We must care because Anastasias are all around us. Hiding their bruises, hiding their scares. Anastasias are all around.


In the end, Grey wants redemption. From the abuse of the past, from the pain of the present, for the hope of a future that is free of both. Grey wants redemption. But then, so do we all. And our God is compassionate. The hand that stretched out to write in the sand (John 8:1-10)also stretched out to receive the nails. The arms that enfolded the sinner embraced the Cross. Let us therefore walk wisely before these issues of sin and death and a most holy redemption. Those of us who’ve been known amazing grace must run to those caught up in shades of grey. (Matthew 4:16)

Tomorrow I plan to finish up with a look at how believers can engage a culture that consume Fifty Shades.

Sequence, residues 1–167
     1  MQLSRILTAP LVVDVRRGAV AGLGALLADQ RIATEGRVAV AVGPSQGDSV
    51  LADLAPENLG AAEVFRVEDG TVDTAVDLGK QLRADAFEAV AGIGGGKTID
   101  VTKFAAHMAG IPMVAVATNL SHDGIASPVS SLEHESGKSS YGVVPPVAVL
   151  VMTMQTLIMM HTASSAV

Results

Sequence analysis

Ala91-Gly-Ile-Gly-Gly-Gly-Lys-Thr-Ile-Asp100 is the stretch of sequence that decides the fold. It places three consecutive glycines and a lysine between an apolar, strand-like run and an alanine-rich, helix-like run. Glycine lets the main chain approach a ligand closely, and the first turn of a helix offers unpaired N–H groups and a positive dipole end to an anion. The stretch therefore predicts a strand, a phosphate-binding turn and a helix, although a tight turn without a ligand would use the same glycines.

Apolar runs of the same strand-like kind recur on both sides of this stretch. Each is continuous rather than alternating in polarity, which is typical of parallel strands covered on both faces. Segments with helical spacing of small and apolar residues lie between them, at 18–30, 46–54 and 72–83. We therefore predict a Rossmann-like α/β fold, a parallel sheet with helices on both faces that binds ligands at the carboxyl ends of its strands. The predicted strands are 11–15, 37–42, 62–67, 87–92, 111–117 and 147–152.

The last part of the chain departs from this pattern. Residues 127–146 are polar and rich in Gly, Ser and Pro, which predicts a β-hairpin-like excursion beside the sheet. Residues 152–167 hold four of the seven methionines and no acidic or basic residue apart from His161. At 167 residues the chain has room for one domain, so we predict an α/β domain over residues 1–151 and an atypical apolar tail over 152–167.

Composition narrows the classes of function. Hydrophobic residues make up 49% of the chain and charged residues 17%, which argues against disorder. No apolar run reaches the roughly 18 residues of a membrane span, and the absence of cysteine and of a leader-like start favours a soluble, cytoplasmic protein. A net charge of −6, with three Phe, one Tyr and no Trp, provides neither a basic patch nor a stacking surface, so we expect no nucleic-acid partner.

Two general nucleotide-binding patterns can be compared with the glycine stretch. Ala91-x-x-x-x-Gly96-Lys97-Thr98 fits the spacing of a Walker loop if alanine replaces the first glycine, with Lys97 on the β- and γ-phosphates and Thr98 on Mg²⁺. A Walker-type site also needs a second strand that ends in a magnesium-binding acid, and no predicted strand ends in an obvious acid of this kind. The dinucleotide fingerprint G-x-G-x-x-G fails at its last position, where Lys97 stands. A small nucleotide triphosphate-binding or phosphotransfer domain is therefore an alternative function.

[1] Robert Jensen, “Just a Prude? Feminism, Pornography, and Men’s Responsibility”, (accessed July 10, 2012).

[2] Russell, Bertrand (2007-03-30). History of Western Philosophy (Routledge Classics) (p. 684). POCKET BOOKS. Kindle Edition.

[3] Becker, Ernest (2007-11-01). The Denial of Death (Kindle Locations 2987-2992). Simon & Schuster, Inc.. Kindle Edition.

[4] Ibid.

[5] Ibid.

[6] Book description released by the book’s publisher, see Amazon website.

[7] Caplan, Bruce M. (2011-12-20). The Sinking of the Titanic (Kindle Locations 2019-2021). Seattle Miracle Press. Kindle Edition.